All 3 women sample chef Reardon's healthy mac and cheese.
Of course, there's a big difference between knowing what a healthy diet is and maintaining that diet. "The main reasons we overeat are emotional," says Dr. Ann (as Bob likes to call her). Ann is the director of the Cincinnati Psychotherapy Institute and an expert on weight control. "We can't stop this behavior unless we become aware of the feelings driving us." Her session this afternoon is designed to help Amy, Yolanda, and Kerri identify their triggers.
First order of business: a guided imagery exercise. Ann asks the women to close their eyes, breathe deeply, and picture a typical scenario in which they want to raid the fridge. She runs through a list of questions for them to consider: "What time of day is it? Are you feeling exhausted? Lonely? Angry? What do you expect the snack will do for you?"
After the women open their eyes, they share their thoughts. When it's Kerri's turn, she says, "The danger zone for me is when I'm tired and I have 3,000 things in my head. I need a breather. Two years ago, I would have a slice of pizza or a brownie sundae. Now, for comfort, I usually go to the gym...."
Suddenly tears are welling up in Kerri's eyes. "I don't know why I'm crying," she says, genuinely puzzled.
"You were saying how positive it is for you to work out," Ann prompts her.
"Right, but it's a constant struggle," Kerri continues. "I'm always afraid I'll fall off the exercise wagon because I have so little time. I stretch myself too thin. I feel like I have to accept every dinner invitation, talk my friends through their crises, drop what I'm doing to help people whenever they ask me to be there."
"We often have to make sacrifices to create room for healthy behaviors," Ann says. To keep up her gym routine, Kerri will need to relinquish her role as the go-to confidante for her family and friends, and start taking care of herself first. Echoing the question Bob posed to the group earlier this morning, Ann asks: "What do you deserve, Kerri?"
Kerri dries her eyes and runs a hand through her hair. "I deserve to say no."
"Yes!" says Ann, with a fist pump.
As the last rays of the afternoon sun move across the room, a waiter arrives with a snack: apple tea lattes—black tea steeped in fat-free milk that has been simmered with honey and chopped apple, then strained. Calorie count: 108. The women clink their white porcelain cups and toast their first day.
The next morning, over breakfast at the Spa Café—ginger waffles (made with yogurt) and a selection of teas (black, oolong, green, and white) containing heart-protective compounds called polyphenols—the talk turns to how rare it is to enjoy such a leisurely morning. Most days Yolanda wakes at 6 A.M. to a ringing phone: her mom's nurse calling with an overnight report. Amy goes straight from bed to the kitchen to fix breakfast for her kids. And Kerri runs through a long mental to-do list as she dresses for work. But here at Bacara, they can enjoy the moment.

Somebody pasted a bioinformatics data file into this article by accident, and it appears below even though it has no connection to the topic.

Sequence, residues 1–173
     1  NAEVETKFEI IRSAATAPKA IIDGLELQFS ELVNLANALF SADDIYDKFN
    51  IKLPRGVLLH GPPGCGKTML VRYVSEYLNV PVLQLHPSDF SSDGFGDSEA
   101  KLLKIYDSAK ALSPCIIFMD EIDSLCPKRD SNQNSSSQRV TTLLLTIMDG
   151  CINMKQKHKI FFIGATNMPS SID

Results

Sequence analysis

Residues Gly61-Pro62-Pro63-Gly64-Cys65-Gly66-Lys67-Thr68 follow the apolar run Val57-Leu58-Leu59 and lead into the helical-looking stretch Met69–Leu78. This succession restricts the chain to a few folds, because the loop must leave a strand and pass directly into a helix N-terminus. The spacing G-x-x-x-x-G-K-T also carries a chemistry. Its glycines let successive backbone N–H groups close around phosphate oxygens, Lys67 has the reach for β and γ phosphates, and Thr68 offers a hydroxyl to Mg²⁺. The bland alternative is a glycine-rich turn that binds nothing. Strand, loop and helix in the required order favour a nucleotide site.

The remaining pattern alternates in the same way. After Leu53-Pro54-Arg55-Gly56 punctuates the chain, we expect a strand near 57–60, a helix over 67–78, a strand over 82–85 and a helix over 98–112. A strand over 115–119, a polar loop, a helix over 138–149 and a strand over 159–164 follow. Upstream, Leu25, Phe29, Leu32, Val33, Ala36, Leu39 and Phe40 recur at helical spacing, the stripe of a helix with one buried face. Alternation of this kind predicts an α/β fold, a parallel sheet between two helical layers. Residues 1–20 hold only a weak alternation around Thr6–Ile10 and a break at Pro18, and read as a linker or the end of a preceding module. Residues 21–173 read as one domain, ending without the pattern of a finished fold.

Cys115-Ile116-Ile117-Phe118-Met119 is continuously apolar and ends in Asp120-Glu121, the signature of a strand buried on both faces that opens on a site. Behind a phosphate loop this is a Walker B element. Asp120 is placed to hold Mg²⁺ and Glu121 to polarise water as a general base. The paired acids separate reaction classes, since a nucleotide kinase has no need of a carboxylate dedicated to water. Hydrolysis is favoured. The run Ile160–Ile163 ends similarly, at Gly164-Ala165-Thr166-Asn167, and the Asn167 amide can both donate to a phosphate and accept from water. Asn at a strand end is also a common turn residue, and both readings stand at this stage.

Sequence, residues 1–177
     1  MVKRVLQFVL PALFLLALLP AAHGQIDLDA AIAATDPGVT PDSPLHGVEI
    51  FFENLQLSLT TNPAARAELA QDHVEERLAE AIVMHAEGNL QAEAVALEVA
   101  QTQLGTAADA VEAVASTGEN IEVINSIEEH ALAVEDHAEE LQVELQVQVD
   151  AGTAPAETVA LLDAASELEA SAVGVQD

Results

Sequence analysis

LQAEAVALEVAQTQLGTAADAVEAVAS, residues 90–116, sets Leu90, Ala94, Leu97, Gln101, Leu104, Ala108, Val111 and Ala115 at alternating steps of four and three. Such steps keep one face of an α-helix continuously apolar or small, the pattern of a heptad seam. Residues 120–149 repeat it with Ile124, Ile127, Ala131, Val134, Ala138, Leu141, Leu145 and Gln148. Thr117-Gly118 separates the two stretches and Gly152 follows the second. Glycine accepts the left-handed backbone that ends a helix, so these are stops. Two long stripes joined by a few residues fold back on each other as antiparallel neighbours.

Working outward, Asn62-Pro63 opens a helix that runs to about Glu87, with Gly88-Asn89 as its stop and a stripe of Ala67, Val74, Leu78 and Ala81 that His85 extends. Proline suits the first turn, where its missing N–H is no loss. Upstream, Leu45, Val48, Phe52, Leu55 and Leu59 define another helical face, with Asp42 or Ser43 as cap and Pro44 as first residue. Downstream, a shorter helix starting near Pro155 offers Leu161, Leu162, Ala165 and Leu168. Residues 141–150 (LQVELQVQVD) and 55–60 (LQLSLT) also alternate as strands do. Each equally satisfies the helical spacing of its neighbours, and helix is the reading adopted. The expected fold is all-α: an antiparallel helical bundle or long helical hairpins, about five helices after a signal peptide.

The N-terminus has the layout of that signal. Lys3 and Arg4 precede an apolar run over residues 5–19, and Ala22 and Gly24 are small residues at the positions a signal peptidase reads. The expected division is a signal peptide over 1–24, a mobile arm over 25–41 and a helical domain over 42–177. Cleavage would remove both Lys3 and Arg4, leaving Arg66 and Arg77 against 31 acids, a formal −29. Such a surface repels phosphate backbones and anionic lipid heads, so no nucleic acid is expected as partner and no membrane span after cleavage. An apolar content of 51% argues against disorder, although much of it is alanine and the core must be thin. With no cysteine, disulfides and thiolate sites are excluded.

After a three-mile hike into the Santa Ynez foothills ("If you're going to walk for exercise," Bob says, "you've got to have inclines"), the women gather in the kitchen of Bacara's haute cuisine restaurant, Miró, where executive chef David Reardon has laid out ingredients on a prep table. He and Janis are going to teach the boot campers to make healthy versions of their favorite foods: French fries, sloppy joes, mac and cheese, and chocolate pudding. "We're hard wired to crave fat and sugar because our caveman ancestors needed all the calories they could get," Janis explains. "But you can trick your palate into thinking your body's getting lots of calories with food that's good for you."
Chef Reardon begins with his favorite substitute for matchstick fries—roasted root veggies (which have half the calories of potatoes). He mists julienne slices of parsnips, rutabaga, and carrots with vegetable oil cooking spray and tosses them with fresh chopped rosemary; then he puts the vegetables in the oven to brown.
"So, do you think these might replace my obsession with everything potato?" Amy asks.
Janis assures her she'll be satisfied: "They're crispy on the outside and soft and starchy on the inside. The cooking spray adds just enough fat to keep them from drying out."
For the sloppy joes, Reardon browns finely sliced onion and sweet pepper in a large skillet, then adds 95 percent lean ground beef, kidney beans, tomatoes, cloves, cinnamon, cider vinegar, and a half teaspoon of brown sugar. He makes the mac and cheese with a puree of butternut squash, 1 percent milk, and yogurt (instead of cream), shredded part-skim Jack and Cheddar cheese, and whole wheat macaroni. The chef's finale is the pudding: He brings unsweetened cocoa powder, solid dark chocolate, cornstarch, sugar, and nonfat milk to a boil, then ladles the mixture into three martini glasses to cool until this evening.
Eager to sample the dishes now, the women spoon the sloppy joe filling onto whole wheat hamburger rolls. "You would never know this was lean meat, it has so much flavor," Amy says. She decides her family will also like the "fries"—but only with ketchup. Janis suggests a low-sodium ketchup alternative: Make some fresh tomato salsa and pump up the flavor with onion, cilantro, jalapeños, a little lime juice, and a dash of salt.
The mac and cheese is the biggest hit, especially for cheese-lover Kerri. Yolanda had warned everyone that she doesn't like whole wheat because it's "gritty," but even she is sold on the pasta: "I can't tell it's healthy!" And Amy feels confident her kids won't be able to detect the butternut squash.
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